using it, or they will for you. Good thing on the investments. You don't say what they are but there are plenty of high yeild mutuals that do
well for very little up front money. Make that money hard to get at,
you'll think twice before using it. That 401, work hard on putting the max in it. It will pay well later. Pay it every month from your paycheck
and stay with it. You'll never miss it out of your take home pay. You
need to keep a couple of months take home pay in the bank savings
thats easy to get to for emergencies. Also if you loose your job,
you can get another within that time frame. If you have a really big car repair or something medical, its good to have it handy. Its not going to earn much in a passbook savings account but the piece of mind is
worth it. That car, well, its nice to have the BMW or sports car,
but its cheaper to have something thats reliable, cheap to insure,
with low maintaince that you are not upside down on. Do some
research, its silly to have that 1 ton dually deisel, 4 door country
Cadillac if you don't need it. If you are using that BMW for a chick magnet, ditch it, if thats what it takes to get women to pay attention
to you, think agian about the kind of women you are looking for.
Shop hard for the watches you like. Buying used as I do, is always
smarter. Let someone else eat the depreciation. Buy from people
you trust. You can save hundreds if you look hard enough.
Enjoy your life and your money. Think about the goods you are
buying and what you can really do without, you'll be surprised at
the things that you won't buy that you'll never miss. Impulse
buying has run many people broke.
These are just my thoughts and don't really mean anything much.
Plenty of people will disagree with some of them but they
are solid ideas for having a few bucks when you get a little older.
Some sound a little harsh like the car thing but they really make
sense when you think about it. Get a financial advisor too, it will
really help.
I hope this has given you just a few ideas.
jim
ps
I'll go $150 on the Seamaster
 

·
Registered
Joined
·
2,671 Posts
Re: Get started on

This is really good advice from Jim (though I'd ask for $300 for the Seamaster)...I highly suggest following it. Sounds like a lot of hard earned knowledge.

And I think that the fact that you are asking yourself the question of whether it is worth at this stage in your life (I'm assuming you are starting off in your career) means that you are prudent with money. Keep the watches! I think you are being too hard on yourself...I'm 37, broke, married with a son but I'm proud to say that I'm not in debt and still have some in the bank to speak for. I'm not a wizard at investments (I hardly ever invest in securities) but I've saved up quite a little to give me that peace of mind that Jim is talking about.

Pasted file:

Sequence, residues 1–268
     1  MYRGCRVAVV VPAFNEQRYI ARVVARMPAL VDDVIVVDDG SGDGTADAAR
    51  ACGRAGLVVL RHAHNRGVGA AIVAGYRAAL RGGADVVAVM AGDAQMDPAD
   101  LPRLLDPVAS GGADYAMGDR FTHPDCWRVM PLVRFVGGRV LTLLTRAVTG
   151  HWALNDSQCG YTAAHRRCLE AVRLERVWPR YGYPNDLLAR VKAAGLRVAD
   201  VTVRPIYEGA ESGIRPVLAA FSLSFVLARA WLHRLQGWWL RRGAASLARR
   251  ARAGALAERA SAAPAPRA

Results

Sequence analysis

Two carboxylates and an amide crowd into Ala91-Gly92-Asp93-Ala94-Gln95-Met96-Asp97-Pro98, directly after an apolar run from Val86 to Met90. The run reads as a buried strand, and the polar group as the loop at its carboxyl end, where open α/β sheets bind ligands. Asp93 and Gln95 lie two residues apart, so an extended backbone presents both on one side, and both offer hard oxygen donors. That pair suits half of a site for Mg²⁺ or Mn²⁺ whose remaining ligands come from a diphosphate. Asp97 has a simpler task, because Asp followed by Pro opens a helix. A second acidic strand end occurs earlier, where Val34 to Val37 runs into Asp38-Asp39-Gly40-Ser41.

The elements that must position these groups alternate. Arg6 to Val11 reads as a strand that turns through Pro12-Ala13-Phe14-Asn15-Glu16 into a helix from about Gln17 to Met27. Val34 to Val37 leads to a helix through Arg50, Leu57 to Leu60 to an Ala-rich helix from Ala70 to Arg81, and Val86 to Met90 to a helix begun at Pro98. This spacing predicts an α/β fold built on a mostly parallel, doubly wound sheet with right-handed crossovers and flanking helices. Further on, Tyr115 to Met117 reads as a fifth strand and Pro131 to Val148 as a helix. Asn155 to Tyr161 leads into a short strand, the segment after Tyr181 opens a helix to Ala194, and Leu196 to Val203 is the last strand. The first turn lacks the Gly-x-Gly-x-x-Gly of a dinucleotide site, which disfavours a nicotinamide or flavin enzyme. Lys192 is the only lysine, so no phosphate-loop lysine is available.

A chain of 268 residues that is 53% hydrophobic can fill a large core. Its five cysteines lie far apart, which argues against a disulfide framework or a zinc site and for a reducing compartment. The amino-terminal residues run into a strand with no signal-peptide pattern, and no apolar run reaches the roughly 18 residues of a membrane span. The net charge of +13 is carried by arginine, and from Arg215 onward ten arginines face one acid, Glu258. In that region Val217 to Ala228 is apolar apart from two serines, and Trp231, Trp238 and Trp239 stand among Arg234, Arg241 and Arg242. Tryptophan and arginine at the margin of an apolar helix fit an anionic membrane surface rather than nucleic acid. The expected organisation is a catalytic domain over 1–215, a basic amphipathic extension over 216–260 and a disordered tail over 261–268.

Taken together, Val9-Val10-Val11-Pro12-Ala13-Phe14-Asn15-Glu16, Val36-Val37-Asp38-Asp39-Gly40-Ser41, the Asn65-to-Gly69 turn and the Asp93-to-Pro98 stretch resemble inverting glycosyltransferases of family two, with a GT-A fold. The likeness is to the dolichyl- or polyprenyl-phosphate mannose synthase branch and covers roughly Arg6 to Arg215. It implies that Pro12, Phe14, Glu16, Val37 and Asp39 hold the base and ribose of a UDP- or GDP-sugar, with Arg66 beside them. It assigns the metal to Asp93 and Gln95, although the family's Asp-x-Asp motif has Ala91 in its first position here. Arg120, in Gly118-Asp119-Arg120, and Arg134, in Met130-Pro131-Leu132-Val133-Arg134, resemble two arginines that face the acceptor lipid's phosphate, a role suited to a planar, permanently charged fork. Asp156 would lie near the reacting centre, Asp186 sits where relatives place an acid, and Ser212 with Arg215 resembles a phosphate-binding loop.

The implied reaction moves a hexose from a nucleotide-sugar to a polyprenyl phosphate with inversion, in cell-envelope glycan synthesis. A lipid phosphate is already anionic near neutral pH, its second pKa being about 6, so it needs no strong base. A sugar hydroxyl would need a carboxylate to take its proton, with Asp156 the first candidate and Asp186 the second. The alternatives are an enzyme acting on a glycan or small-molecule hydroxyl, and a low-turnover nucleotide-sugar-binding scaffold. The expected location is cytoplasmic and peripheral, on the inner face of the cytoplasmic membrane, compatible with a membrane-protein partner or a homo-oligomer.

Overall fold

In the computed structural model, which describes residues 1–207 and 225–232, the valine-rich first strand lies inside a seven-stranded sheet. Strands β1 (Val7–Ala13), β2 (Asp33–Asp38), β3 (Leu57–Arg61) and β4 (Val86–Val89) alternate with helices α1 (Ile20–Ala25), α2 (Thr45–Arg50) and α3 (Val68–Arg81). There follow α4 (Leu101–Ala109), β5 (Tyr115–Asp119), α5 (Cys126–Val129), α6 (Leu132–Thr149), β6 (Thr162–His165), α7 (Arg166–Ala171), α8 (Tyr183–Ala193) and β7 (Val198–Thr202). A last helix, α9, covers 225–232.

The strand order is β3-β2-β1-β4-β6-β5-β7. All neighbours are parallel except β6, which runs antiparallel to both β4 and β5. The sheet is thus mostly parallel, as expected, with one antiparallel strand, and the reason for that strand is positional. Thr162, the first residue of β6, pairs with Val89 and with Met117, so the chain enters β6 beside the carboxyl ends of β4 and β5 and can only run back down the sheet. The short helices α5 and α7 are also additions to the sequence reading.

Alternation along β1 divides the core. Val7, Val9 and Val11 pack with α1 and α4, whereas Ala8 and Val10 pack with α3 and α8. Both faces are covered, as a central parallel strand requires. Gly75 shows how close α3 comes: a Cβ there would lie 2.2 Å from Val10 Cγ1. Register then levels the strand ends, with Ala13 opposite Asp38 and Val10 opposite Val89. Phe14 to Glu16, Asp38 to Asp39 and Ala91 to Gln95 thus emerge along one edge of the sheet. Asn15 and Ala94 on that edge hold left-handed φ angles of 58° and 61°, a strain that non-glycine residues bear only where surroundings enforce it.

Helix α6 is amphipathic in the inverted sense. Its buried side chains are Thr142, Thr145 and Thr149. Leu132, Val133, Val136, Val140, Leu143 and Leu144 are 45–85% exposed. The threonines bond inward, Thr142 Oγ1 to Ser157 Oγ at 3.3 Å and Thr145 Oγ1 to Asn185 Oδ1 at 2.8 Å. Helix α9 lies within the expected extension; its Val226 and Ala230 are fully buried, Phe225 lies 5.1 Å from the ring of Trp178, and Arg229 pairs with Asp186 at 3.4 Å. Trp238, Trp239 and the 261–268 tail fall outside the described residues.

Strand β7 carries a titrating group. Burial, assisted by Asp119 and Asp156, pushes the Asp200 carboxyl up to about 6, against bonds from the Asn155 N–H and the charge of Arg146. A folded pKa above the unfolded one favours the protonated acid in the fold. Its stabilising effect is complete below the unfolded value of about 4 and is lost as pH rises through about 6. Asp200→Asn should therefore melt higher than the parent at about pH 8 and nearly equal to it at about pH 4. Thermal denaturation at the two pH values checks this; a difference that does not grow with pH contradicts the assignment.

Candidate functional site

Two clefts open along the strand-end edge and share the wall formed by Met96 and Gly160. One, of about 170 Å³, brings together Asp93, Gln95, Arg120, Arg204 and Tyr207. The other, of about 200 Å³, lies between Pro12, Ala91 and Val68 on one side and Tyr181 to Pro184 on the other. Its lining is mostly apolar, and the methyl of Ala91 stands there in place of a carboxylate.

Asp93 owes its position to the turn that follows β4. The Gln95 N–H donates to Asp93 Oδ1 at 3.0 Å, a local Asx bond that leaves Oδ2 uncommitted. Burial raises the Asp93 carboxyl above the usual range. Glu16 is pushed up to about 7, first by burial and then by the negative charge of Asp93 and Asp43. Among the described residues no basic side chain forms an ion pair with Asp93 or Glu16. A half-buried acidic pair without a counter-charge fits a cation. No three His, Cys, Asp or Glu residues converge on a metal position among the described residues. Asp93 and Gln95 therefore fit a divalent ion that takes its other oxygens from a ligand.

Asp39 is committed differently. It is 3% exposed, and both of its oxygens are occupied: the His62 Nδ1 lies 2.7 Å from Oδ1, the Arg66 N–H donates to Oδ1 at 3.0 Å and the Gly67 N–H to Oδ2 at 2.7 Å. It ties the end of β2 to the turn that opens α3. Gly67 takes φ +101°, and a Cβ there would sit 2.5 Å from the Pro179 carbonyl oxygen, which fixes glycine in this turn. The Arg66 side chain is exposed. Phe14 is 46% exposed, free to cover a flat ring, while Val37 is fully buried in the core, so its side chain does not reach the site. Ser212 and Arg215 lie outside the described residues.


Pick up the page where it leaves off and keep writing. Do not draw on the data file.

And I have more than 10 watches! These are my most precious investments. If you really love them you will always find a way to acquire and keep them without having to regret afterward and still be on the plus side. I've given up dreams of being a decadent rock star with millions raining down my cannon and have opted to pursue a boring operations job but at the end of the day I can go home and say that I've earned what I have...

Now let's see some pictures!

Regards
Glimmer


buying a home. It will appriciate faster than anything most times. Besides, everyone has to have a place to live. Great on the credit card thing, they are a trap. If you must, use one that you have to pay off
every month (amex). Couple of months of being short will cure you
using it, or they will for you. Good thing on the investments. You don't say what they are but there are plenty of high yeild mutuals that do
well for very little up front money. Make that money hard to get at,
you'll think twice before using it. That 401, work hard on putting the max in it. It will pay well later. Pay it every month from your paycheck
and stay with it. You'll never miss it out of your take home pay. You
need to keep a couple of months take home pay in the bank savings
thats easy to get to for emergencies. Also if you loose your job,
you can get another within that time frame. If you have a really big car repair or something medical, its good to have it handy. Its not going to earn much in a passbook savings account but the piece of mind is
worth it. That car, well, its nice to have the BMW or sports car,
but its cheaper to have something thats reliable, cheap to insure,
with low maintaince that you are not upside down on. Do some
research, its silly to have that 1 ton dually deisel, 4 door country
Cadillac if you don't need it. If you are using that BMW for a chick magnet, ditch it, if thats what it takes to get women to pay attention
to you, think agian about the kind of women you are looking for.
Shop hard for the watches you like. Buying used as I do, is always
smarter. Let someone else eat the depreciation. Buy from people
you trust. You can save hundreds if you look hard enough.
Enjoy your life and your money. Think about the goods you are
buying and what you can really do without, you'll be surprised at
the things that you won't buy that you'll never miss. Impulse
buying has run many people broke.
These are just my thoughts and don't really mean anything much.
Plenty of people will disagree with some of them but they
are solid ideas for having a few bucks when you get a little older.
Some sound a little harsh like the car thing but they really make
sense when you think about it. Get a financial advisor too, it will
really help.
I hope this has given you just a few ideas.
jim
ps
I'll go $150 on the Seamaster
 

·
Registered
Joined
·
661 Posts
If you're not enjoying the watches because of the cost burden, then you may as well sell them.
 
1 - 20 of 52 Posts
Top